Natural gas is a fossil fuel - and therefore it is at most a transitional technology on our way to CO2-neutral transport.
Truly CO2-neutral transport only works with battery electric or hydrogen-based drive. That's why Daimler Truck is consistently focusing on battery electric and hydrogen-powered commercial vehicles that can drive locally CO2-neutral.
All of our important truck engines of the latest generation can be fueled with alternative, so-called bio fuels according to the EU standard prEN 15940. These include the subgroups Hydrotreated Vegetable Oil (HVO), Biomass To Liquid (BTL), Gas To Liquid (GTL), Coal To Liquid (CTL). These consist of a variety of resources that are being converted to fuels through chemical processes.
Since the characteristics of these fuels according to norm prEN 15940 mean that they are absolutely comparable to conventionally produced petroleum-based diesel fuel, no modifications to the engines or their peripherals are necessary.
Daimler Truck is focused on developing solutions that have great potential for worldwide implementation. Due to the high infrastructure costs involved, and also considering of the rapid development of battery and fuel cell technology, the company we do not see potential in catenary trucks at present.
Daimler Truck is not against catenary trucks, but for realistic and timely solutions. We are convinced that with the battery electric truck we have a flexible and already available concept for the respective field of application - without expensive, time-consuming and lengthy planning measures. The eActros is already in series production. Yet, with the eActros, we will do a comparison test with the overhead line project eWayBW in the so-called Murgtal in the region around the city of Rastatt in southern Germany.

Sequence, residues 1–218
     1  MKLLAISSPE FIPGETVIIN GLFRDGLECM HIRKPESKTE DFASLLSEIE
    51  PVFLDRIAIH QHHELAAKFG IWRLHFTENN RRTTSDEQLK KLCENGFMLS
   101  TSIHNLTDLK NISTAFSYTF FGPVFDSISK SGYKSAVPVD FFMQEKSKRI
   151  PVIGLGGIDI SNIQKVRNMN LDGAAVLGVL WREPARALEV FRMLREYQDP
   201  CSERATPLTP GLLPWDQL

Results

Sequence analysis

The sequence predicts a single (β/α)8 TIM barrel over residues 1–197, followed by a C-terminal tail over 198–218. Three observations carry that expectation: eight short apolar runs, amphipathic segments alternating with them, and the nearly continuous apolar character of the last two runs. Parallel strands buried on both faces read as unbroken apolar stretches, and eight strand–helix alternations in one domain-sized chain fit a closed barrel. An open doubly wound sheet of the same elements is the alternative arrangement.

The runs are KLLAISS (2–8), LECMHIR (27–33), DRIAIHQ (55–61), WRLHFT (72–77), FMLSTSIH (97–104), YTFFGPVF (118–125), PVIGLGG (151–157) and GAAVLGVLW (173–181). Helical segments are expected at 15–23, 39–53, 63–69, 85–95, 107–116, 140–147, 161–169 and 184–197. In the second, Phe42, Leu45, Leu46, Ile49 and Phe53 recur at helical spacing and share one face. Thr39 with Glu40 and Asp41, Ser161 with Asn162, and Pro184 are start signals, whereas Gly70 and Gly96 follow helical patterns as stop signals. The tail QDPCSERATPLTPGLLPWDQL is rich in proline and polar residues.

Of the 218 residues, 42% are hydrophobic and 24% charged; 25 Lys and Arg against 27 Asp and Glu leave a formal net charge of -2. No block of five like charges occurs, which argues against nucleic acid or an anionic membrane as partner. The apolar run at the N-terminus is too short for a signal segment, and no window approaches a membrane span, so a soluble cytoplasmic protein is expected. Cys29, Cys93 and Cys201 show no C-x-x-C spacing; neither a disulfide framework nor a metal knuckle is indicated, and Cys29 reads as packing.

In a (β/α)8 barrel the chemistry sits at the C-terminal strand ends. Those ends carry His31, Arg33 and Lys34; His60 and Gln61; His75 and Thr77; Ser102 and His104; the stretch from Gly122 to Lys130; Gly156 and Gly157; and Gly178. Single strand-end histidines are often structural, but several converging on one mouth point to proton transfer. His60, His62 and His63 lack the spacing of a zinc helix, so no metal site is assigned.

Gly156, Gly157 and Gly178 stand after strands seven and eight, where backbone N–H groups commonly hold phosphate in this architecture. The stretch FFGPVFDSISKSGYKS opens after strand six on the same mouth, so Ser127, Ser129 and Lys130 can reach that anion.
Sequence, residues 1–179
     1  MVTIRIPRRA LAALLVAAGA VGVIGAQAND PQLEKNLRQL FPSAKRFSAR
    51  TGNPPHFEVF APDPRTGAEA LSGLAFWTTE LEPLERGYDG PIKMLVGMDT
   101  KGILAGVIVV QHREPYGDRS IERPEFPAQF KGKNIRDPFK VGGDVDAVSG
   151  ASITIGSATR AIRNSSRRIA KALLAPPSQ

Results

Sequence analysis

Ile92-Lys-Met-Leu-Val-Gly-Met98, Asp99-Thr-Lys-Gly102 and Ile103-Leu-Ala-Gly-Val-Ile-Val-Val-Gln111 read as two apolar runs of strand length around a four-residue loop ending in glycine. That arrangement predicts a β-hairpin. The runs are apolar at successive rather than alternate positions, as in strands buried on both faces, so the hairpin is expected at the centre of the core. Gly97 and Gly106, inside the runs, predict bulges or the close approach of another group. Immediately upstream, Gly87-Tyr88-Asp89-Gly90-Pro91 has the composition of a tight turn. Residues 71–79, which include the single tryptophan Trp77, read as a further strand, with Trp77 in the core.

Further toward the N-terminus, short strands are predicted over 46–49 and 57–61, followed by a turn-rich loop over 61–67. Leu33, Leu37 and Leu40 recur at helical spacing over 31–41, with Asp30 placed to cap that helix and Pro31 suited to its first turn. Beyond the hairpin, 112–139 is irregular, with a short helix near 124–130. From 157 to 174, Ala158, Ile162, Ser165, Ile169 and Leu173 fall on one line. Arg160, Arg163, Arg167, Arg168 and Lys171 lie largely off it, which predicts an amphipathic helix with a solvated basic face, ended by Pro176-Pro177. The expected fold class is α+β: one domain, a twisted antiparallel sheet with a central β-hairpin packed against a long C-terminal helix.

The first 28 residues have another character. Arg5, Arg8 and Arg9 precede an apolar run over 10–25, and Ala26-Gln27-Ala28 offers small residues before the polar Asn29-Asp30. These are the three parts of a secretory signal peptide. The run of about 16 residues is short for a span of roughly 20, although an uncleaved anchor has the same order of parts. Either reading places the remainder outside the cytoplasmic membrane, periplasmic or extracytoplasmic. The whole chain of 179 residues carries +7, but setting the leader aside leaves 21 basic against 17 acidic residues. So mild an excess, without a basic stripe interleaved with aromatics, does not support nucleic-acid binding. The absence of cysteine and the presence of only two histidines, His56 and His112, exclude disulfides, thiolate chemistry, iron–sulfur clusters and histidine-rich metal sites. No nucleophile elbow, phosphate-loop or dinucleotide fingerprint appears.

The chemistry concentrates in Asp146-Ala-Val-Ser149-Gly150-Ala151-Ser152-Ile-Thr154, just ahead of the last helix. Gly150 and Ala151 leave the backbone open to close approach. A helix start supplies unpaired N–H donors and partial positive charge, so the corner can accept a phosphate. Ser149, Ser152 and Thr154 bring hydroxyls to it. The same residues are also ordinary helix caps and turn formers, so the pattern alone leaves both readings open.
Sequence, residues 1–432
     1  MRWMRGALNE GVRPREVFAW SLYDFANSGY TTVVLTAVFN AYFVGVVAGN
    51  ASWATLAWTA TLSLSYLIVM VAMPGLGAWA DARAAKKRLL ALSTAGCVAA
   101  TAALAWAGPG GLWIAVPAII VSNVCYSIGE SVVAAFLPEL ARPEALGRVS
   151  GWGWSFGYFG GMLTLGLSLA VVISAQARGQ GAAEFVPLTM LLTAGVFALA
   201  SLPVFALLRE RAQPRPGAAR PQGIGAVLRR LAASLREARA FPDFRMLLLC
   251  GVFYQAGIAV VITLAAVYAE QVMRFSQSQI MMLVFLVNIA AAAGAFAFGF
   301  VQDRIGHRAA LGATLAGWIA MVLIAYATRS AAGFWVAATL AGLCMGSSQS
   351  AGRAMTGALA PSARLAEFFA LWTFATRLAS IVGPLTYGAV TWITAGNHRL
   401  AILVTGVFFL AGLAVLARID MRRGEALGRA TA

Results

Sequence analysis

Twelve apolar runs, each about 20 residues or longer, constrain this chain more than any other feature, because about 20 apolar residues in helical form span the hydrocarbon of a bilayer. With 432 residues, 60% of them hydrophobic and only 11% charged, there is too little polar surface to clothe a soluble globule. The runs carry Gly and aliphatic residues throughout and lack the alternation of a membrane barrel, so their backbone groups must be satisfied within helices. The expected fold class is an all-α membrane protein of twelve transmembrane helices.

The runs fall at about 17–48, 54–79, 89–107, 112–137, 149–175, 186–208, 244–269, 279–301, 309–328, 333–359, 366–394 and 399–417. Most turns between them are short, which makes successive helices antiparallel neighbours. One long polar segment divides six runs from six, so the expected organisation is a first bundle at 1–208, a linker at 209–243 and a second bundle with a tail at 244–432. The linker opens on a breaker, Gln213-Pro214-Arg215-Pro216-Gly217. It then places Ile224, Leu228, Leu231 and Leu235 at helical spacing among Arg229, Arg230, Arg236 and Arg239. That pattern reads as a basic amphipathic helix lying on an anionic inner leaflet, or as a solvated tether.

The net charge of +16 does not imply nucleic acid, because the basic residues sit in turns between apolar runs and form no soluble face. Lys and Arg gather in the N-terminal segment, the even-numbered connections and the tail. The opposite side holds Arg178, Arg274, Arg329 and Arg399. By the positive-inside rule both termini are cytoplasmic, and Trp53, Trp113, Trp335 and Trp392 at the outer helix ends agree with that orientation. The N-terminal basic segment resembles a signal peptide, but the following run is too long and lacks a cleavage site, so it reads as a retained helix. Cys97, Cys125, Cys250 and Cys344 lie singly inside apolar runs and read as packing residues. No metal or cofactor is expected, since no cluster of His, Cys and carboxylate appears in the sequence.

In public transport, there is no single customer scenario for electric buses – the use cases vary, for example depending on the range and topography. Thus, we want to give our customers choices and meet their needs best.
Our eCitaro is already available with the next generation of Li-Ion-batteries. Since 2020, eCitaro also comes to the market with solid-state batteries (lithium-polymer batteries). A battery-powered bus with a range extender (hydrogen-based fuel cell providing the high-voltage battery with power) is currently being developed.
Our electric bus also offers different ways of charging technology, meeting individual requirements of the transport companies. Innovative thermal management ensures efficient energy consumption and forms the basis for a practical range. More information on our product portfolio can be found here.
The Mercedes-Benz Citaro hybrid is available in a variety of model variants of the best-selling city bus Citaro. Thus, fuel consumption of the already very efficient conventional Citaro is further reduced, and even more so thanks to electrohydraulic steering, depending on the application and vehicle model. Lower fuel consumption quickly pays off for public transport companies. Society and the environment benefit from lower emissions.